Donald Trumpís philosophy is never to use a scalpel when a meat ax is available, and so it is with his attack on the Clinton scandals of the 1990s.
And yet, in slamming Hillary as Billís "enabler" and daring to invoke the allegation of rape against Clinton, Trump is again demonstrating his unsurpassed ability to needle his opponents and expose their vulnerabilities.
Hillary Clintonís self-image as a feminist champion has always been at odds with her political partnership with a serial womanizer whose electoral career has depended on discrediting and smearing the women with whom heís had dalliances.
Hillary tends to get a pass, because the 1990s were a long time ago, the media often scold anyone who brings up the scandals and most politicians think itís bad form to talk about someone elseís marriage. Unconstrained by all these boundaries, Trump is hitting her with his characteristic abandon.
Hillaryís defenders say this is tantamount to blaming her for Billís infidelities. Of course, sheís not responsible for his wanderings. But as a fully vested member of Billís political operation, Hillary had as much interest in forcefully rebutting all allegations of sexual misconduct as he did.
According to journalist Michael Isikoff, the Clinton campaign in 1992 spent $100,000 on private-detective work related to women. The approach, when rumors first popped up, was to get affidavits from women denying affairs the reflex of most women is to avoid exposure and, failing that, to use any discrediting tool at hand.
Hillary was fully on board. When a rock groupie told Penthouse in late 1991 that a state trooper approached her on Gov. Clintonís behalf, Hillary said, "We have to destroy her story."
When the Star tabloid reported that Clinton had affairs with five Arkansas women, including Gennifer Flowers, the Clinton campaign waved affidavits signed by all them denying it. (This is what Clinton had advised Flowers to do in a taped conversation.) Then, Flowers admitted to an affair, saying it had lasted 12 years.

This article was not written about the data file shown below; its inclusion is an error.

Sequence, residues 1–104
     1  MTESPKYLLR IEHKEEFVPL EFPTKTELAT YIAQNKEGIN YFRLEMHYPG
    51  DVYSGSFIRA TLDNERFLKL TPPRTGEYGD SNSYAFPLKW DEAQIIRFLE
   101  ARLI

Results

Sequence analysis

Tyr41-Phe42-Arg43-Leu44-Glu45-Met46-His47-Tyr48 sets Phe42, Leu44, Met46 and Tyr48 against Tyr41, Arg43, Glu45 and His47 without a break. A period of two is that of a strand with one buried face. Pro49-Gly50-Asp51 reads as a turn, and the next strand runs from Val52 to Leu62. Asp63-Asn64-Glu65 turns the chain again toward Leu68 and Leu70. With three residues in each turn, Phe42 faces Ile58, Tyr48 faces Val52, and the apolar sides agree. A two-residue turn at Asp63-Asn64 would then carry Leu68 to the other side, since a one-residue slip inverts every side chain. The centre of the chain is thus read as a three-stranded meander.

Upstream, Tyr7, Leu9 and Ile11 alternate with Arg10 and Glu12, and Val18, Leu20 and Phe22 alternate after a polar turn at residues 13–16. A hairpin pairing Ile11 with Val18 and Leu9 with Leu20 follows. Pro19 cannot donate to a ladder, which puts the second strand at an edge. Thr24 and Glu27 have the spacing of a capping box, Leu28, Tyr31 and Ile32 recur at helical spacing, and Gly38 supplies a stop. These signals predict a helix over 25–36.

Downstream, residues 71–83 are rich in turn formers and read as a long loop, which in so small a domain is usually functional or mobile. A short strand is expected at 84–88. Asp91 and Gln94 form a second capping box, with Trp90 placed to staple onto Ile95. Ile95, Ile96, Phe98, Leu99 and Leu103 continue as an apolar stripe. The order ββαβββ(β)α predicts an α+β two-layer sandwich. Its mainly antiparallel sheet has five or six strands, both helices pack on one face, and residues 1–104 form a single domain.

In response, Hillary did the famous "60 Minutes" interview with Bill, sitting by him as he delivered a lawyerly denial of the 12-year allegation specifically (he later admitted having sex with Flowers once). Hillary joined the strategy sessions over what verbiage to use in the interview.
When, after Bill was elected president, state troopers began to tell of how he had used them to procure women, the possibility of federal jobs and threats of retaliation were wheeled out to try to keep them silent.
One of the procured was Paula Jones. When she came forward, she was abused as trailer-park trash. Even though her sexual-harassment suit was dubious, her story of a gross come-on by Clinton in a hotel room was credible, and she told numerous people at the time.
Hillary apparently didnít spare a momentís thought why her husband the governor would have wanted a private meeting with a 24-year-old state employee. She interviewed superlawyer Bob Bennett to handle the case and insisted on a hardline defense. Bennett spread rumors of nude pictures of Jones and had another lawyer subpoena men to try to find evidence of Jonesí alleged promiscuity.
The allegation with which the Clintons have never truly had to grapple is Juanita Broaddrickís charge of rape. The media roll their eyes whenever this comes up, but Broaddrick deserves better. Her story has been consistent over the years; she told people about the alleged assault at the time; and her account includes telling details that accord with what other women have said about encounters with Bill.
Perhaps you think Hillary had no choice but to stand by her man, or she made the correct calculation that the broader political project both of the Clintons and of liberalism justified waging political war against a few inconvenient women. Even so, there is no doubt Hillary compromised herself, by the standards of feminism 20 years ago, and even more by the standards of today.
Is there anyone more "privileged" than a white male who is a governor and a president? Even if you donít believe the worst, Bill didnít live up to contemporary norms of consent, to put it mildly. If consistency mattered, feminists would be demanding safe spaces whenever Bill Clinton approached a college campus.
Trumpís assault on Hillary is a blunderbuss affair (and, given how heís been on all sides of everything, he himself defended Bill Clinton from these charges in the 1990s). But Hillaryís answer to Trumpís offensive is telling nothing. Sometimes thereís just not a good answer.